The UpDroid UP1 is a sub-$1,000, nine-pound robot development platform supports ROS.

The UpDroid UP1 is a sub-$1,000, nine-pound robot development platform runs supports ROS. Photography by Rafe Needleman.

If you want to get started doing serious development work on robots, you will likely find Lego Mindstorms and similar educational kits too limiting or frail. There are more serious hardware platforms, like the Nao humanoid robot, but for those of you who are looking at budget-busting numbers: The Nao is $9,500. Or you could build your own hardware, but that’ll bog you down in robo mechanics (if you consider working on mechanical issues getting bogged down).

The new UpDroid UP1, which is scheduled to launch next year, is a one-armed, wheeled robotic development platform. It should sell for under $1,000 (it’s $800 if you pre-order it now). Company co-founder Mike Lewis told me at a startup event that UpDroid has no idea what people will do with the UP1, and they don’t expect it to be the core of a consumer product. His goal is to “make robots more accessible to developers, so they can concentrate on software.”

The UP1's main boards, connected together. Left to right: the arm connector board, the board for the body, and the controller board. Photo: Rafe Needleman

The UP1’s main boards, connected together. Left to right: the arm connector board, the board for the body, and the controller board.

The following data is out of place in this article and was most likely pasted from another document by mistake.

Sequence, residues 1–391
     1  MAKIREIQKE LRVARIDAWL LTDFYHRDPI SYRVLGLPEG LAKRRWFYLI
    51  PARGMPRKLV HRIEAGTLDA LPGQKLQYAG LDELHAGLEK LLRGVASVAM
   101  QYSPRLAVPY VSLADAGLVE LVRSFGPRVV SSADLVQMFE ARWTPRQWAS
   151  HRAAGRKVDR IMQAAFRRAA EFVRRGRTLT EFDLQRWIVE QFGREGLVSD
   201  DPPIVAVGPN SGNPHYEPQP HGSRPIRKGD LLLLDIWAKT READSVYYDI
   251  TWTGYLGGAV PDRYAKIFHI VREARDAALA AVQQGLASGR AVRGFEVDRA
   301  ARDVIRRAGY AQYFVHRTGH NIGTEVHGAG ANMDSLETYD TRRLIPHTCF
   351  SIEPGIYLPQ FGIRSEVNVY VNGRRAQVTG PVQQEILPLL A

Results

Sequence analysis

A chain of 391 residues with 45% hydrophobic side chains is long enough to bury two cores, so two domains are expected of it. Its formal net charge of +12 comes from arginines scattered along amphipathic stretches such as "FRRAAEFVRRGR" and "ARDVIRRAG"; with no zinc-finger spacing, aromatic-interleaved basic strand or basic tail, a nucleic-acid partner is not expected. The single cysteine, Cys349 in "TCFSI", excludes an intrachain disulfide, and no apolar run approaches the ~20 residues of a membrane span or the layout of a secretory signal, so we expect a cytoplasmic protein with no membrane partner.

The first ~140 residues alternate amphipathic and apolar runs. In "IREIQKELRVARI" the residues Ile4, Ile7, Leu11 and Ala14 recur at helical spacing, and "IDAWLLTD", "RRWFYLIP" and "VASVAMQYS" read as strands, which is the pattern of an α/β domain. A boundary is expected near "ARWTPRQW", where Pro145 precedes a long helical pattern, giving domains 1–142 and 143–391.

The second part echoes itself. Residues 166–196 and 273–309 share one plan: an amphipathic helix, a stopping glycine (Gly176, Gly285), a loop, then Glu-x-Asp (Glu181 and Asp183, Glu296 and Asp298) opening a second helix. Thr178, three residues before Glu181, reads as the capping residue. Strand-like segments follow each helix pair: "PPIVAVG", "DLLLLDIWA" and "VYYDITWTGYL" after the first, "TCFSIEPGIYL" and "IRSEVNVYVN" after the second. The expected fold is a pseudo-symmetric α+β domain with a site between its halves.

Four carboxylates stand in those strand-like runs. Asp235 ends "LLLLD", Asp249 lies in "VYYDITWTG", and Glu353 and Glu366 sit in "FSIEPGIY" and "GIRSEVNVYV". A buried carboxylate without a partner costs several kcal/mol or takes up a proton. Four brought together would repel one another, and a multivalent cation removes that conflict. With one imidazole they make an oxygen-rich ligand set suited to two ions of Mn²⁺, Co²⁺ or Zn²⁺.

The UP1 is a fairly complete, robust, and standards-based robot. It’s got four ordinary wheels, a single arm (5 degrees of freedom plus a simple gripper), and it’s based on Intel’s Edison board.

UpDroid CTO Mike Lewis with his baby, at the Highway1 hardware accelerator demo day in San Francisco. Photo: Rafe Needleman

UpDroid CTO Mike Lewis with his baby, at the Highway1 hardware accelerator demo day in San Francisco. 

The bot runs the open-source Robot Operating System (ROS) because that’s the software Lewis says people should be developing on, and uses the Edison board instead of a Raspberry Pi or other board because its x86 architecture is the standard for robots, he says.

Other specs for the UP1: it can move at about 1 ½ miles per hour, has a 2200 mAH battery good for an hour of standby or 20 minutes of activity, has two forward-facing video cameras (for stereo imaging), and four IR sensors for obstacle awareness.

The smooth, white bot doesn’t look like it has hardpoints for attaching other parts or sensors, but we don’t think that will stop the determined developer. And the controller guts are at modular; Mike says he designed the boards to be easily swapped out.

What would you build with a basic bot like this? What development experiments could you use it for?